There is a complete history of Presidential Drinking, thank heavens, just in time for the holidays. You no longer have to crawl through unreliable Internet rumor mills to decide if your latest drinking escapade was on a par with Nixon's or Andrew Jackson's--it's all here in Mint Juleps with Teddy Roosevelt: The Complete History of Presidential Drinking by Mark Will-Weber. He parties with the presidents so you don't have to!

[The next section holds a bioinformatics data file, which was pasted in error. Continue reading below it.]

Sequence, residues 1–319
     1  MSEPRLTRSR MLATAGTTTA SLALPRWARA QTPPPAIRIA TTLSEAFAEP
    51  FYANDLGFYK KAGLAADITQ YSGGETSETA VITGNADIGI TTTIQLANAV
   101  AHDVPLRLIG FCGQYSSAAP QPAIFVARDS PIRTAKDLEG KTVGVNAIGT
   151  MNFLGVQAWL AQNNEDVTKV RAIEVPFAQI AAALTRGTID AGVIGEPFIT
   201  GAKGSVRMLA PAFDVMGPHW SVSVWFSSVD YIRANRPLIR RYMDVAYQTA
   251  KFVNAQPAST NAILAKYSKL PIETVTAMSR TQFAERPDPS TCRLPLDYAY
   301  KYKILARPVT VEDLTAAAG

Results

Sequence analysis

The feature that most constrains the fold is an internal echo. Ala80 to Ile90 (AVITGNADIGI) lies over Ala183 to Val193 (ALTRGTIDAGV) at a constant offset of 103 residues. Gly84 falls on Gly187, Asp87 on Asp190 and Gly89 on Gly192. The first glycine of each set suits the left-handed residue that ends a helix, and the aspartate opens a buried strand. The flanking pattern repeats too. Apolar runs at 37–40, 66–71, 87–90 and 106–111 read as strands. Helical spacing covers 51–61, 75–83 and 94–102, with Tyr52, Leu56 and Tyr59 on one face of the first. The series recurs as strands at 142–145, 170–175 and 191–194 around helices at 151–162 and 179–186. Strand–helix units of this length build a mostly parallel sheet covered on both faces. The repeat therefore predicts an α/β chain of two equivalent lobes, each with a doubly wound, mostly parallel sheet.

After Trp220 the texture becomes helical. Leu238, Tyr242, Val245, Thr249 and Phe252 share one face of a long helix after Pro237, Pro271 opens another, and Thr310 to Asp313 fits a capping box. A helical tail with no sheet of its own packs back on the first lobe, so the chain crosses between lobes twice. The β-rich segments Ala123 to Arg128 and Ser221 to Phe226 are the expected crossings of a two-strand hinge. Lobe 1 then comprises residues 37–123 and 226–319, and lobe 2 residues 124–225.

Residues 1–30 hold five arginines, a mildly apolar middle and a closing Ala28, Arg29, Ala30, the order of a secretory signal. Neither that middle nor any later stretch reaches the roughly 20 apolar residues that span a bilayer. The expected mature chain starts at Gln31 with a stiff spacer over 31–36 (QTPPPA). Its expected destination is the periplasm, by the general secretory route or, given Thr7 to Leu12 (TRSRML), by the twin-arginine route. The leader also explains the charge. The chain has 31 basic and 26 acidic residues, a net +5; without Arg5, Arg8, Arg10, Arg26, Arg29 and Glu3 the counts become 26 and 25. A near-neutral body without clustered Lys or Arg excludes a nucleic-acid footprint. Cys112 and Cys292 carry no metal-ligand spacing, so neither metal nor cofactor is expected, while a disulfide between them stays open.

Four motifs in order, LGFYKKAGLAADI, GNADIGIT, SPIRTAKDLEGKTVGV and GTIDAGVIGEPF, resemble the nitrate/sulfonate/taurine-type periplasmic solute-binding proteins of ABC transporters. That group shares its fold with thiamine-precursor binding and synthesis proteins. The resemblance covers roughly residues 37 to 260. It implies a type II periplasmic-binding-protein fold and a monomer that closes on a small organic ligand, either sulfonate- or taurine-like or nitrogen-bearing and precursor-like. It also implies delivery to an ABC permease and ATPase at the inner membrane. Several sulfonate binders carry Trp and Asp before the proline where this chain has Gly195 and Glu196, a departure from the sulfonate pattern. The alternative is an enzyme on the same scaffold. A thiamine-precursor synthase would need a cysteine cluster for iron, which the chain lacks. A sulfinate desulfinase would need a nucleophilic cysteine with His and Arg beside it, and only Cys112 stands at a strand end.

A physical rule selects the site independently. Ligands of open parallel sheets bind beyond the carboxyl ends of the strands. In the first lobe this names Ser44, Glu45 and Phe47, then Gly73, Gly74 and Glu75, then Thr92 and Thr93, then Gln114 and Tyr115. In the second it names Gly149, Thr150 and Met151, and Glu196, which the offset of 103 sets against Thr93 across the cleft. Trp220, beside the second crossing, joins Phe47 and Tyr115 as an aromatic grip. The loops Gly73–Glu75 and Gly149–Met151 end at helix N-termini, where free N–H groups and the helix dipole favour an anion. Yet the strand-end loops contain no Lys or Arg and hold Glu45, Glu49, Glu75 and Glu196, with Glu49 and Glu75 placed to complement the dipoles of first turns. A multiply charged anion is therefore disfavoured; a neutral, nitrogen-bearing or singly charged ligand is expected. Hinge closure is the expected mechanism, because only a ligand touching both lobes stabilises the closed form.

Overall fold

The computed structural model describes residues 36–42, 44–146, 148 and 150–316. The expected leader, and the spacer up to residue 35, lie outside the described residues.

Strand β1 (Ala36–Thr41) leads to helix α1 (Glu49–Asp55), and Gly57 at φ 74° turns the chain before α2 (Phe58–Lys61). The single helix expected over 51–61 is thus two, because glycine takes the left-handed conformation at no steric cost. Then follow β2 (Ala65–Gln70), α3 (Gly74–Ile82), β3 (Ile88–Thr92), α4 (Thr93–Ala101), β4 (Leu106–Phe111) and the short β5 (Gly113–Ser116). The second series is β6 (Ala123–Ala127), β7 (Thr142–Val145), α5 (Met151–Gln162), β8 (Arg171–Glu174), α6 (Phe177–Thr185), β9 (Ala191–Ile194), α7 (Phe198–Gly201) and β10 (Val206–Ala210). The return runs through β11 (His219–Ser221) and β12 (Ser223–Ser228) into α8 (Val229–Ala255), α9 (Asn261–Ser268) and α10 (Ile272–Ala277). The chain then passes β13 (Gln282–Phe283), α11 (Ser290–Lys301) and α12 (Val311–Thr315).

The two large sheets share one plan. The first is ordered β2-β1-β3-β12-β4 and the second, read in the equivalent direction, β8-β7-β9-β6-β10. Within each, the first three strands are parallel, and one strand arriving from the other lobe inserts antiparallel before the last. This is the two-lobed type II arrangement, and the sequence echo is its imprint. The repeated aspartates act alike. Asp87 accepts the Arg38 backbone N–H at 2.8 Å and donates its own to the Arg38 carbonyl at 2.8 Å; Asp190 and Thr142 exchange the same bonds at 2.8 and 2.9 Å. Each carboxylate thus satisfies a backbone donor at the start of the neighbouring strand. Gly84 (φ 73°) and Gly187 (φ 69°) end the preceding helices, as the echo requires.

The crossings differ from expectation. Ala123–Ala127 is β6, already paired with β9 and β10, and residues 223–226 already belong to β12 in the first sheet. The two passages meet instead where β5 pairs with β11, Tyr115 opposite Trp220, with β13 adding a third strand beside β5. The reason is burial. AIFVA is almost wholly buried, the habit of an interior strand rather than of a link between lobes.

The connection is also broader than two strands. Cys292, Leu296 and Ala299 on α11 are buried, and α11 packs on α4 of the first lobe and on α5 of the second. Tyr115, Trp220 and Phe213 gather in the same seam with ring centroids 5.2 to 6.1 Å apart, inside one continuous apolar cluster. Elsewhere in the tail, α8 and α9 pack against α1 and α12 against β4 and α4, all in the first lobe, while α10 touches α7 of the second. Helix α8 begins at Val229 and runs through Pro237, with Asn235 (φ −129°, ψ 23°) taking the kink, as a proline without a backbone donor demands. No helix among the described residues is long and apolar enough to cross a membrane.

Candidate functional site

Speaking of Jackson, after his inauguration there were so many supporters in the actual White House that the president had people bait the outside with booze to get them to leave. (Follow the punchbowl, an early Deep Throat was heard to say.) Booze has long been a way to curry favor, but did you know that Andrew Carnegie used to send barrels of Dewar's to both the McKinley and Harrison White Houses? Oh, you may have heard this before but Nixon was pretty much hammered every night as he railed his paranoid visions into the tapes that were his ultimate undoing. Nixon was like the first drunk texter. And there's this: it's a safe bet there is no United States of America without the aid of beer. The founding fathers almost never had a meeting without it. Mark Will-Weber is really a lot of fun on his subject, sharp, knowledgeable and a fine drinking (or even abstaining) companion. It's just fun to think of some of the presidents trying to say his last name at the end of the night.
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